PHILADELPHIA — Freeman’s American Week broke both world and house auction records, achieving a total of $7 million across four sales held between June 4 and June 8. Absentee and Internet live bidding was facilitated by LiveAuctioneers.
The undoubted highlight of American Week was the record-breaking sale of N.C. Wyeth’s Jetty Tree, which realized $2,450,000 on June 4. Strong market demand for this Wyeth painting drove the sale price eight times above its high estimate of $300,000. This result represents the second-highest price for a work of art at Freeman’s, a new house record for N.C. Wyeth, and the highest price ever paid for a non–illustration art work by the artist.
“Works like Jetty Tree were important to Wyeth as they provided him the opportunity to transcend the constraints of commercial work to create personally meaningful compositions,” said Freeman’s Chairman Alasdair Nichol. “Clearly, this work and its subject matter resonated with collectors. We’re honored to bring impactful canvases like this to market, and delighted that it far exceeded expectations.”
The painting — a landscape depicting the Maine coast where the Wyeth family summered — was on long-term loan to the Brandywine Museum of Art before arriving fresh to market in the Freeman’s June 4 sale titled American Art and Pennsylvania Impressionists Featuring the Papageorge Family Collection.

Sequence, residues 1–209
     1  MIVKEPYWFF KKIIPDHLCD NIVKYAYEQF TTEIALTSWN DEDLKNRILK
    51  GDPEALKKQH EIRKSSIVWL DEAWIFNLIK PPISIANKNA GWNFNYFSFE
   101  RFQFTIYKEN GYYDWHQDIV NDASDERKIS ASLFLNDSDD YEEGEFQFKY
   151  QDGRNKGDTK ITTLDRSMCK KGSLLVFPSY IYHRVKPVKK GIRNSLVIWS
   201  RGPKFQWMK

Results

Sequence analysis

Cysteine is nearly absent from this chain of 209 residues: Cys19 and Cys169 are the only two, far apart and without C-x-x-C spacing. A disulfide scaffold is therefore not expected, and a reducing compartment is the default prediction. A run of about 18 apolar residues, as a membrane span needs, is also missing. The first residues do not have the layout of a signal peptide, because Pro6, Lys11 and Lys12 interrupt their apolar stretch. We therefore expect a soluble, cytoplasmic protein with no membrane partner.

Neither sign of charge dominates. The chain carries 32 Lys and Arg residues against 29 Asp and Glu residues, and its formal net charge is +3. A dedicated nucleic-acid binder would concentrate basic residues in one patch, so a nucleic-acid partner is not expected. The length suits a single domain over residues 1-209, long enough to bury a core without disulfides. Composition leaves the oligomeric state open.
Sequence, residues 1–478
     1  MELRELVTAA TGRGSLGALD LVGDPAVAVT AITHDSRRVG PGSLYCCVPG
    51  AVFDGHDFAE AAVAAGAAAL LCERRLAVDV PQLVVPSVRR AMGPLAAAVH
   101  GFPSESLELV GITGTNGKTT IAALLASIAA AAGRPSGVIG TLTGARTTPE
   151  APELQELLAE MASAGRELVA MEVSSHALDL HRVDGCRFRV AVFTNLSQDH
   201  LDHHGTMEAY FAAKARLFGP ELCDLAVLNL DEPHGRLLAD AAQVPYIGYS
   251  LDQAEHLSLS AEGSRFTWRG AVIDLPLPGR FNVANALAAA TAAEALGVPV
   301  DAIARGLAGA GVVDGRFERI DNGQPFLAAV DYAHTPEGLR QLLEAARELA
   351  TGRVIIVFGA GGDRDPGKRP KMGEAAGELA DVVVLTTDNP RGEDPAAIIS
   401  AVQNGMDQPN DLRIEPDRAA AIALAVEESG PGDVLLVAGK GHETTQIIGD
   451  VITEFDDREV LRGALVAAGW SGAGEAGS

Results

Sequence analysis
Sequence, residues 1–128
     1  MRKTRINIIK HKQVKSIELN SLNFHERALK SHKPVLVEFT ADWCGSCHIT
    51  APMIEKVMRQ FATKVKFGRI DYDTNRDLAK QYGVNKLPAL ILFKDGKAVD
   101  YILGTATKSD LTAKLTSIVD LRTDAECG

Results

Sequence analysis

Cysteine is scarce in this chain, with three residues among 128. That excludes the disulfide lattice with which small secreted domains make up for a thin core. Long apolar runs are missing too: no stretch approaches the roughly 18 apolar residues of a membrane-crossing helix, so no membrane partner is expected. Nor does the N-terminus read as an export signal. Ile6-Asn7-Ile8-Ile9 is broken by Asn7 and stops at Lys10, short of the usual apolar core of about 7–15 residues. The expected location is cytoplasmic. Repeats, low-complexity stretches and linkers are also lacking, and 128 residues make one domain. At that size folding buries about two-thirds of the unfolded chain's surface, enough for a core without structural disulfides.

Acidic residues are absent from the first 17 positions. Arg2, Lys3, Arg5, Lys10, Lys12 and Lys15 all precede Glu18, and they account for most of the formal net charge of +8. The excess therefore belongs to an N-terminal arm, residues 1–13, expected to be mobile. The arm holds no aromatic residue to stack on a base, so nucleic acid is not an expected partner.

The striking Wyeth canvas wasn’t the only work to exceed estimates in the Freeman’s auction; indeed, another esteemed Wyeth performed markedly well. When Henriette Wyeth’s Portrait of Peter Hurd sold for $138,600, it broke previous auction records for the artist. Henriette was the daughter of N.C. and sister of Andrew Wyeth, and an acclaimed American Realist.
After the Storm (Tundra), an impressive and quintessential winter scene by German-born American wildlife artist Carl Rungius, commanded $453,600 following competitive bidding.
In keeping with Freeman’s excellent reputation for handling single-owner collections, Pride of Place: Works from the Estate of Sydney F. Martin, a select 26-lot sale also held June 4, saw strong market demand for works by Pennsylvania artists that drove sale prices to historic highs. Morgan Colt’s A Glorious Day, which earned $126,000, and William B.T. Trego’s Union Soldiers in Combat, which brought $44,100, both far exceeded their estimates and broke auction records for the respective artists.
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